For more information about the Johnstone test, please see our FTR Now on the case, Federal Court Of Appeal Upholds Johnstone, Clarifies Nature And Scope Of Family Status Protections.

Supreme Court of Canada on Prima Facie Discrimination and a Plaintiff’s Burden of Proof

Posted in Human Rights

The Supreme Court of Canada recently overturned a decision of the Québec  Human Rights Tribunal (“Tribunal”) which found that Bombardier had discriminated against a pilot, Mr. Latif, by refusing to provide him with training on certain Bombardier aircraft after U.S. authorities denied his security clearance. The unanimous Court found that there was insufficient evidence to establish that Mr. Latif’s ethnic or national origin played a role in the decision made by U.S. authorities.

Mr. Latif had filed a complaint against Bombardier, arguing that the U.S. authorities’ decision was the result of racial profiling and that Bombardier discriminated against him by relying on that decision, contrary to the Québec Charter of human rights and freedoms (“Québec Charter“).

The issue before the Court was whether or not the Tribunal had sufficient evidence to establish a connection between Bombardier’s denial and a prohibited ground of discrimination. The key evidence before the Tribunal included:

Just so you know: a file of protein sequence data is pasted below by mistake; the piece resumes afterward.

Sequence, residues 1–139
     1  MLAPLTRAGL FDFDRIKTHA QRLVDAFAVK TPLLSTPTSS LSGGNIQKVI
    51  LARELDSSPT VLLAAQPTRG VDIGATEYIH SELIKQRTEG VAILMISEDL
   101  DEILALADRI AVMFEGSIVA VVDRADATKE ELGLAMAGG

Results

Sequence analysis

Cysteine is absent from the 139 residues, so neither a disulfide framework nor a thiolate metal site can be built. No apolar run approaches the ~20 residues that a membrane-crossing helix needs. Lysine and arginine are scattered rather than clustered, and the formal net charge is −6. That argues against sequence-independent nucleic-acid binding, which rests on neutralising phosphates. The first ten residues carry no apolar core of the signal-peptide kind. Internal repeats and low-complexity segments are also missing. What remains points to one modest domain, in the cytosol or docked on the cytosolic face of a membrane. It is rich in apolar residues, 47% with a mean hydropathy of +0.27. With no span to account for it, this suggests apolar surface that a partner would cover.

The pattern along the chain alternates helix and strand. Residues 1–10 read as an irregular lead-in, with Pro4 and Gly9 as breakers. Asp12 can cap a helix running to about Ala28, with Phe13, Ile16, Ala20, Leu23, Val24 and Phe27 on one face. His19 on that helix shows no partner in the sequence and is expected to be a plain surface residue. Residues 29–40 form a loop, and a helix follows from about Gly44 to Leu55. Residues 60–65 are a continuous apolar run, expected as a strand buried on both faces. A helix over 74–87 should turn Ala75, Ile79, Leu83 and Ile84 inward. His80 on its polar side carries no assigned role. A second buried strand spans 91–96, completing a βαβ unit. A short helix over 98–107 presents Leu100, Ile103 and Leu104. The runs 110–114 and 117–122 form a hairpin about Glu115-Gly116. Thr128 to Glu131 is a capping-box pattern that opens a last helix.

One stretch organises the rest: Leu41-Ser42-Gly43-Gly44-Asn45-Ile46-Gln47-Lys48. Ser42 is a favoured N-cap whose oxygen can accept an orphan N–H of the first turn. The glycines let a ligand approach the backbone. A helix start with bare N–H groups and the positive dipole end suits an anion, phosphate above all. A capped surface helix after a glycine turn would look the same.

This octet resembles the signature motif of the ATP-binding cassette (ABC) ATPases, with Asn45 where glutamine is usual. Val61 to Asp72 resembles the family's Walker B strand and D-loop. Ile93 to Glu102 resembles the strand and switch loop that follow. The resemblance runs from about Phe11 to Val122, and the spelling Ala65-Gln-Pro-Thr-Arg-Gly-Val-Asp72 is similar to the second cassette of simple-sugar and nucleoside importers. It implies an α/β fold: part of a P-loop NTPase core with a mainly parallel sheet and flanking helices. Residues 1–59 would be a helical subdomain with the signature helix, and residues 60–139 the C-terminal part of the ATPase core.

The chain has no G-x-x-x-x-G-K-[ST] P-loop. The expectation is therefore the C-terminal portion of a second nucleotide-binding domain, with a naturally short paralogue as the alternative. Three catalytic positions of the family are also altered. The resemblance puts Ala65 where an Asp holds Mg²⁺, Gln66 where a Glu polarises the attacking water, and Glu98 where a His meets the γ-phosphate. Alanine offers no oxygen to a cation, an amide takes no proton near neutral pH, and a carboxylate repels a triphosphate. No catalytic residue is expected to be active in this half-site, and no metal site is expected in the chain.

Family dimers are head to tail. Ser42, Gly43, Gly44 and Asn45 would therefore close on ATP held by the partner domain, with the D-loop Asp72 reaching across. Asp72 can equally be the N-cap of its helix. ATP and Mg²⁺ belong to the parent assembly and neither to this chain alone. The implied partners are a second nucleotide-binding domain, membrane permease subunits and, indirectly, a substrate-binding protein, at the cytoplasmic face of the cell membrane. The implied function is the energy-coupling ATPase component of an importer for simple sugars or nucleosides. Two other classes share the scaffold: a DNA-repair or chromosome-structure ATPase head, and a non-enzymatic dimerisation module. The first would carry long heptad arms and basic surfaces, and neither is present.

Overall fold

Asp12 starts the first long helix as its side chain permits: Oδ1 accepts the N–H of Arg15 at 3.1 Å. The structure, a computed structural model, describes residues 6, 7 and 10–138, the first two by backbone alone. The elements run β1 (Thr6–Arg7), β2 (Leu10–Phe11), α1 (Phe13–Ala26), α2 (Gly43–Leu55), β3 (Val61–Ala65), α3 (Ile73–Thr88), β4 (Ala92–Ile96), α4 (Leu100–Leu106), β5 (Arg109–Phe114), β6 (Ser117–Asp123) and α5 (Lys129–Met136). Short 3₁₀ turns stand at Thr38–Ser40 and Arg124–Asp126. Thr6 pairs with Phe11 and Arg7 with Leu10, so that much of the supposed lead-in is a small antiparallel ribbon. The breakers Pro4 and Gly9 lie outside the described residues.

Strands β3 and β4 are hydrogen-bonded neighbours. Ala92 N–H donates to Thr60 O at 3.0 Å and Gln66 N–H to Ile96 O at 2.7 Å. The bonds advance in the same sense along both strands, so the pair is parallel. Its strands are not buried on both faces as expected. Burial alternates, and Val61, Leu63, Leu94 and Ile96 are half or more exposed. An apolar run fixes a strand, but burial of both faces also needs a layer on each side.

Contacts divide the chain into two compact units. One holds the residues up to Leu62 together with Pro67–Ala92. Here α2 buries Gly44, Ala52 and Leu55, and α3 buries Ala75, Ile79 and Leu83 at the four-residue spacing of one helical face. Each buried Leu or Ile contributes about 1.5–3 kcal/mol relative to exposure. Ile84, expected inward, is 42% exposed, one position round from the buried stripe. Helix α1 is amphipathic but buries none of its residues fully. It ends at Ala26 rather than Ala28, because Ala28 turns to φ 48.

(i)      an agreement between the parties that Bombardier’s refusal to provide training to Mr. Latif was based solely on the fact that the U.S. authorities had not issued him a security clearance; and

(ii)    expert evidence showing that the U.S. authorities had engaged in racial profiling since September 11, 2001.

The Tribunal found that the U.S. authorities’ decision with respect to Mr. Latif was made in the context of racial profiling, and that Bombardier’s denial thus had the effect of creating a distinction based on one of the prohibited grounds under the Québec Charter. It concluded on this basis that there was prima facie proof of discrimination, and ordered Bombardier to “cease applying or considering the standards and decisions of the U.S. authorities in ‘national security’ matters when dealing with applications for the training of pilots under Canadian pilot’s licences.”

However, the Québec Court of Appeal found that the Tribunal erred in finding that there was a causal connection between the exclusion and a prohibited ground because there was no proof that the U.S. authorities’ decision was itself discriminatory, and set the decision aside.